Friday, November 19, 2010

This Kind of Body Worn Video is Always Handy -- And Controversial

It's body worn video in a sense, and once again it's a hot topic: videotaping by cellphones.  With recent arrests caught on tape, videos posted to YouTube and court battles regarding felony wiretapping, we wonder -- what is the law on this prevalent feature, the pocket video camera.  A few months back we posted a blog on this same topic, which I will reprint below:


iPhones, Smartphones, Dime-sized video cameras. Even kid-focused Nintendo DS's and candy-colored Nickelodeon-character video recorders. Personal videotaping devices are more portable and easy-to-use than ever. The primary purpose of these devices -- pure entertainment (though the woman caught on tape, who attacked a McDonald's worker over morning Chicken McNuggets may think otherwise). Videotaping amongst children doing pop-a-wheelies on their bikes is one thing. But what about videotaping that is far from child's' play -- like police officer encounters?

There have been several newsworthy occurrences of alleged illegal wiretapping of police officers lately. This recent trend can be directly correlated to the smartphone craze. Always handy, the cell phone has recorded police arrests, altercations, and police interrogations that otherwise would have gone undocumented. And when the police officers realize the recording is taking place, some situations become even more argumentative.

Take Tasha Ford, for instance, a South Florida woman who was jailed for "eavesdropping" when she, along with her video camera-phone, approached police that had handcuffed her son in a parking lot for allegedly trying to sneak into a movie without a ticket. The police told her it was illegal to record someone without them being aware. She quickly responded ,"My name is Tasha Ford and I am recording you." The police abandoned the trite charge against her son, and changed their focus to Ms. Ford, arresting her under Florida's electronic surveillance law.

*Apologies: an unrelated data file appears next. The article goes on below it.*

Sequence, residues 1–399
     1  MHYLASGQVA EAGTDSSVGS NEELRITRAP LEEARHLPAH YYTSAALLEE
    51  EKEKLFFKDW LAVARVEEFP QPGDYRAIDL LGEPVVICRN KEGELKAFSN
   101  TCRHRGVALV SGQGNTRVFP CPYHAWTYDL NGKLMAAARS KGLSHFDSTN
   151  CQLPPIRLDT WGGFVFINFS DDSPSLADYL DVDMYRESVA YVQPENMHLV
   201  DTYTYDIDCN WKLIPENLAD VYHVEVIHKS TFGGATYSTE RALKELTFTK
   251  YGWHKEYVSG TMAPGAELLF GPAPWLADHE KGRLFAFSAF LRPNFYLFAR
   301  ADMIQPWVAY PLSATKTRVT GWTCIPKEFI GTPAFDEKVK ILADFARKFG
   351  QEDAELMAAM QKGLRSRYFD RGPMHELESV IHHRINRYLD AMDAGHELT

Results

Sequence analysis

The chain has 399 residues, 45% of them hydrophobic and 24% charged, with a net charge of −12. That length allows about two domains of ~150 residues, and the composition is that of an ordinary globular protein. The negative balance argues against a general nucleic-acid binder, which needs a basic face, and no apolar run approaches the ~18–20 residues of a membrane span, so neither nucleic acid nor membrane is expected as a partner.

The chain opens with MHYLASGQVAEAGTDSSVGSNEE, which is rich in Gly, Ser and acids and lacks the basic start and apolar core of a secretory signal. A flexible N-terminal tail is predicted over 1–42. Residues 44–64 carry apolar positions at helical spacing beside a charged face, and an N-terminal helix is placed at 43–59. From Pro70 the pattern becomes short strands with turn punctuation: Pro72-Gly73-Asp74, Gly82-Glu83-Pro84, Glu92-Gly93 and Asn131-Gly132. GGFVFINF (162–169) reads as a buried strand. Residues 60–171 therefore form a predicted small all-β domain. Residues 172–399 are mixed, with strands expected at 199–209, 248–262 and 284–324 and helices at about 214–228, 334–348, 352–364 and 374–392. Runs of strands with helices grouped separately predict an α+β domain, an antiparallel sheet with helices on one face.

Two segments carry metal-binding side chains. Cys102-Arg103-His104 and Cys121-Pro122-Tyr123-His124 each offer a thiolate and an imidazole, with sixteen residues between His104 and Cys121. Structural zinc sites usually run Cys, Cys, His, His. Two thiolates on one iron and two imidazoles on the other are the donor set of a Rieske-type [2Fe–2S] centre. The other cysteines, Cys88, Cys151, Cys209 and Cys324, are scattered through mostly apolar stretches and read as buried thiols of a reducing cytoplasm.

"What's the big deal?" one might ask. If a police officer is doing his or her duty, that officer should have no beef with the fact that a recording is being made of the actions, right? After all, police and government work for US, the people. Not the other way around. It could be argued that the more transparent and out in the open the law enforcement exchanges are, the better.

But is that what is really happening? Or are these recordings problematic under the Wiretap Act, which prohibits all wiretapping of citizens without a warrant from a three-judge court? Mostly, this Act pertains to the videotaping of private matters, and without the other person's consent. It could be argued that police matters are always public matters serving the public interest. But what about receiving their consent? It is a murky area, that has been argued under many different circumstances in many state and federal courts.